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     USA TODAY

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  • Flood watches have been issued for eastern Massachusetts.
  • The winds could cause scattered tree damage and power outages.
  • Beach erosion will be a major problem in many areas, including on Cape Cod.

A potent, slow-moving nor'easter continued to pound coastal New England on Thursday with heavy rain, rough surf and howling winds.

The stalled storm will drench some communities with several inches of rain – as much as half a foot in some areas – which will lead to flash flooding, according to AccuWeather meteorologist Tiffany Fortier.

Flood watches were issued for eastern Massachusetts, including Cape Cod and the islands of Nantucket and Martha's Vineyard, WeatherBug reported.

Thursday, gusts gusting over 50 mph on Nantucket Island, and Provincetown, Massachusetts, measured a gust of 58 mph Thursday morning, the Weather Channel said.

The winds will be strongest through Thursday night; scattered tree damage and power outages are likely, the Weather Channel said.

AccuWeather said the winds can break small tree limbs and knock some of the changing leaves off the trees in New England; sporadic power outages are possible in southeastern New England.

A satellite image shows a nor'easter storm swirling to the east of New England on Oct. 10, 2019. (Photo: NOAA)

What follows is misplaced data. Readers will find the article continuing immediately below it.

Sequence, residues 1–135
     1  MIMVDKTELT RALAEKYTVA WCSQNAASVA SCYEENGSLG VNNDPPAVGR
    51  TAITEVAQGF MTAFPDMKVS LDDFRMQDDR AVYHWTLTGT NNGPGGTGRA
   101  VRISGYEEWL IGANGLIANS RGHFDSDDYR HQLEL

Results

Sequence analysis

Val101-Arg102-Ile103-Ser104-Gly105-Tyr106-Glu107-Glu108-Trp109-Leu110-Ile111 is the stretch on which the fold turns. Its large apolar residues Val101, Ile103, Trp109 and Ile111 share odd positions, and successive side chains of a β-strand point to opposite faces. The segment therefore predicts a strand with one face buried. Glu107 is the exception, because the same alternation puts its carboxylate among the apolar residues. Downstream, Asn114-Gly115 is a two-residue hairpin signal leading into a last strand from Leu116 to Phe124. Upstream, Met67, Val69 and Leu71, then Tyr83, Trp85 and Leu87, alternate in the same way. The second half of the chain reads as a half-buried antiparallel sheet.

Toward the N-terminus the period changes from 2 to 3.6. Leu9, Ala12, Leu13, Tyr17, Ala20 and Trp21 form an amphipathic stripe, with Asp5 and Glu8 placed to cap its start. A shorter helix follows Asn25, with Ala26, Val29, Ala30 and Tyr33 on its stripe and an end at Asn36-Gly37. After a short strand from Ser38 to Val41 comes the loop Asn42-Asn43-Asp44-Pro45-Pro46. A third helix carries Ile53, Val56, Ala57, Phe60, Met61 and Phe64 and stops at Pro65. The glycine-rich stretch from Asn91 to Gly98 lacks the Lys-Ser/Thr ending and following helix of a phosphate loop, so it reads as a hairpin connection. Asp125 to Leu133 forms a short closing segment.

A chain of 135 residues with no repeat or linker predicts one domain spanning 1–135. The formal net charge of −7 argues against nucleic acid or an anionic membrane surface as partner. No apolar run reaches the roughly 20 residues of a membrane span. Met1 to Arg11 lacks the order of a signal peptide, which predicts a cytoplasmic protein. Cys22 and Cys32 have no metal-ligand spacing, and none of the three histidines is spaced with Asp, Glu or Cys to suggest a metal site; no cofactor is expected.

The National Weather Service in Boston noted that there could be a number of days without power for those near the coast of southeastern New England.

Beach erosion will be a major problem in many areas, including Cape Cod, Massachusetts: "I think the beaches are going to take a beating," meteorologist Phil Burt told the Cape Cod Times.

"Beach erosion is going to be substantial on the entire arm of the Outer Cape and inside Cape Cod Bay from the Dennis area west to the canal, "said Burt, who serves as director of the Barnstable (Mass.) County fire and rescue training academy.

Rip currents are forecast to be frequent and strong, and people should stay out of the surf, AccuWeather warned.

Although New England will take the brunt of the storm, coastal areas of New York's Long Island, New Jersey and Delaware are also feeling the affects of the nor'easter.

A nor'easter is so-named because the Storms usually bring strong northeast winds. Historically, wintertime nor'easters have brought the U.S. East Coast's heaviest snowfalls.

After the storm makes a loop offshore into Friday, the system is forecast to spin away this weekend, according to AccuWeather.

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